Mar 1, 2017
Prof. Kendall Houk
Professor Ken Houk and postdoc Yun-Fang Yang are part of team to develop method for potentially removing nearly all sulfur compounds from gas and diesel fuel.
 
The results - from an international industry-academic collaboration led by California Institute of Technology (Caltech) and BP Products North America (BP), and in collaboration with researchers at UCLA, ETH Zürich, and China's Nanjing University - are described in a new study titled  “A potassium tert-butoxide and hydrosilane system for ultradeep desulfurization of fuels” published online February 17, 2017, in the journal Nature Energy.
 
The study was featured in the Feb. 27, 2017, issue of Chemical & Engineering News (C&EN).

The Saul Winstein Professor of Organic Chemistry at UCLA, Houk (pictured above) and his group have pioneered the use of computer calculations and simulations to study organic chemistry and to predict chemical reactivity. This research project involves an ongoing collaboration with Nobel Laureate Robert Grubbs at Caltech. The work is another example of the power of modern computer algorithms and computers to establish the details of even rather complex chemistry such as involved in petroleum desulfurization. 
 
Dr. Yun-Fang Yang (pictured right) received her Ph.D. from Peking University with Prof. Yun-Dong Wu in 2013 and in 2014 she joined Houk’s group. Her research specializes in quantum mechanical investigations of mechanisms and selectivities of organic reactions and organometallic reactions.
To learn more about Houk’s research, visit his group’s website.
 
Excerpt from Caltech press release (2/24/17) by Whitney Clavin:
 
Sulfur compounds in fuels such as gasoline and diesel create air pollution when the fuel is burned. To address that challenge, large-scale oil refinery processes remove the majority of sulfur from fuel down to a government-mandated level. The new technique, however, has the potential to reduce sulfur down to a fraction of that amount, which would further reduce air pollution and extend the lifetime of vehicles' catalytic converters, which control tailpipe emissions.
 
"We simulated a high-sulfur oil and eliminated almost all of the sulfur through a simple chemical process. The next step is figuring out how to streamline the process and make it work on an industrial scale," says lead author Anton Toutov, a graduate student in the lab of Robert Grubbs, the Victor and Elizabeth Atkins Professor of Chemistry at Caltech.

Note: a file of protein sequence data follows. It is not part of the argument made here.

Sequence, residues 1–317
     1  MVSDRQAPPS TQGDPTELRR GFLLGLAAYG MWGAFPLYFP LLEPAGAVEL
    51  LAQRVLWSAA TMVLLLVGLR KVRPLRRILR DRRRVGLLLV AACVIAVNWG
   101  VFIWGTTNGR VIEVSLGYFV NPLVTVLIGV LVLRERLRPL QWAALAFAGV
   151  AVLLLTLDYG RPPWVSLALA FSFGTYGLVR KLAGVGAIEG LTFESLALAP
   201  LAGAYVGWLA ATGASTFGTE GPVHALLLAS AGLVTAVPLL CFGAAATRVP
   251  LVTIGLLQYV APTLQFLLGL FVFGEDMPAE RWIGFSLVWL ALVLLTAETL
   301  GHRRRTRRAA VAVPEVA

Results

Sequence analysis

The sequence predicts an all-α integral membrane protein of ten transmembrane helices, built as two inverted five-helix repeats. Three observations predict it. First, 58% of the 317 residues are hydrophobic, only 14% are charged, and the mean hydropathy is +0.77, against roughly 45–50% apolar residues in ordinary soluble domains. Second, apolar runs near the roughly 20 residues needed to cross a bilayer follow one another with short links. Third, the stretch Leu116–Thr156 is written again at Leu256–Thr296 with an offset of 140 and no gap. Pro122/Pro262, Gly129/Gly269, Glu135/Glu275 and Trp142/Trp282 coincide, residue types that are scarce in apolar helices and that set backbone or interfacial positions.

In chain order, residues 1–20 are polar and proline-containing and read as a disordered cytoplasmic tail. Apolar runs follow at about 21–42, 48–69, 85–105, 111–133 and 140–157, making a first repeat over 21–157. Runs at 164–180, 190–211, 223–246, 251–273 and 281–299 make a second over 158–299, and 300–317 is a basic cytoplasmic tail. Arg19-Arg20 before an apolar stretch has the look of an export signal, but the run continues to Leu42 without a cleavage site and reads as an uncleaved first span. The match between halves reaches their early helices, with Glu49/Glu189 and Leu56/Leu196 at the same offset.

Image (right) caption: The ability to reduce sulfur in fuels is an important step toward reducing emissions. However, extremely low levels can be difficult to achieve. Now, Caltech researchers have demonstrated an unorthodox approach that lowers sulfur content in diesel to about 2 ppm. The method uses Earth-abundant materials (potassium (K), oxygen (O), and silicon (Si)—hence the name, "KOSi") and operates under mild conditions.  Credit: Polina Nesterova
 
The new method uses a potassium salt to induce the chemical reactions required to remove sulfur from fuel. Potassium is an abundant element on Earth and cheaper and more environmentally friendly to use than rare metal catalysts that are used for similar reactions.
 
"We were really surprised how well the potassium salt worked," says Toutov, who is also a Dow-Resnick Fellow at the Resnick Sustainability Institute at Caltech. "The sulfur is contained in small organic molecules, and this process just rips it right out."
 
The discovery that potassium salts can be used to promote key chemical reactions came unexpectedly a couple of years ago. Researchers in the Grubbs laboratory had been testing ways to break carbon-oxygen bonds, which is most efficient when done with a precious metal catalyst such as platinum. Alexey Fedorov of ETH Zürich, who was a postdoctoral fellow in the Grubbs laboratory at the time, ran a control experiment without the metal catalyst and found that the reaction still worked. After several tests, the researchers confirmed that a potassium salt, called potassium tert-butoxide, was, in fact, driving the reaction. Next, Toutov optimized the process and further showed that the reaction produced compounds with carbon-silicon bonds, which normally require metal catalysts to form. Carbon-silicon bonds are found in many products, such as polymers, agricultural chemicals, and semiconductors.
 
"They left the metal out of the reaction, and it still worked," says Grubbs. "This was a huge surprise."
 
As described in the Nature Energy paper, Toutov and his colleagues in the Grubbs lab have used the potassium salt method to remove sulfur from carbon compounds found in diesel fuel. They partnered with BP to test their method on the company's refined diesel samples, reducing the sulfur levels down from 8 parts per million (comparable to the highest quality of diesel you can get from a typical gas pump today) to an extremely low 2 parts per million. They also repeated the experiment with diesel spiked with high levels of sulfur and achieved similar results.
 
The new method could be used as an additional step in the oil refinement process to get rid of the last traces of sulfur in fuels. The next step for Toutov, who is co-founding a new company, Fuzionaire, is to commercialize this technology. "We have a number of ideas in mind on how to do that," he says, including recycling waste products from other industries for use in the process.